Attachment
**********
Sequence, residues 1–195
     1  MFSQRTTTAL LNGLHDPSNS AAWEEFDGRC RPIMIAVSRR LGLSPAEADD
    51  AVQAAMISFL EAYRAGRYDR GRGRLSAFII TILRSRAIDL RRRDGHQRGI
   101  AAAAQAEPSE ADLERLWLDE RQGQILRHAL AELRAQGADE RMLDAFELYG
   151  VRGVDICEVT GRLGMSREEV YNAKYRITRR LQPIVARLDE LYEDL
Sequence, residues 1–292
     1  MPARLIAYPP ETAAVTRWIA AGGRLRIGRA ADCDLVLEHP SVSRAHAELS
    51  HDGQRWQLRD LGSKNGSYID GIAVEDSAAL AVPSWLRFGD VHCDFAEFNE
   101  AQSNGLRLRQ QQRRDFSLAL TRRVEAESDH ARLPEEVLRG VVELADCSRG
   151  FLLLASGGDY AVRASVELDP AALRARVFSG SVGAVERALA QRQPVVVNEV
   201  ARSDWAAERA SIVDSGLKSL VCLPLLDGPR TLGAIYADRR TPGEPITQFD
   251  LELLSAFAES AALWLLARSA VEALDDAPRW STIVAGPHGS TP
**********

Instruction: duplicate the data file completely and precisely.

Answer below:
Sequence, residues 1–195
     1  MFSQRTTTAL LNGLHDPSNS AAWEEFDGRC RPIMIAVSRR LGLSPAEADD
    51  AVQAAMISFL EAYRAGRYDR GRGRLSAFII TILRSRAIDL RRRDGHQRGI
   101  AAAAQAEPSE ADLERLWLDE RQGQILRHAL AELRAQGADE RMLDAFELYG
   151  VRGVDICEVT GRLGMSREEV YNAKYRITRR LQPIVARLDE LYEDL
Sequence, residues 1–292
     1  MPARLIAYPP ETAAVTRWIA AGGRLRIGRA ADCDLVLEHP SVSRAHAELS
    51  HDGQRWQLRD LGSKNGSYID GIAVEDSAAL AVPSWLRFGD VHCDFAEFNE
   101  AQSNGLRLRQ QQRRDFSLAL TRRVEAESDH ARLPEEVLRG VVELADCSRG
   151  FLLLASGGDY AVRASVELDP AALRARVFSG SVGAVERALA QRQPVVVNEV
   201  ARSDWAAERA SIVDSGLKSL VCLPLLDGPR TLGAIYADRR TPGEPITQFD
   251  LELLSAFAES AALWLLARSA VEALDDAPRW STIVAGPHGS TP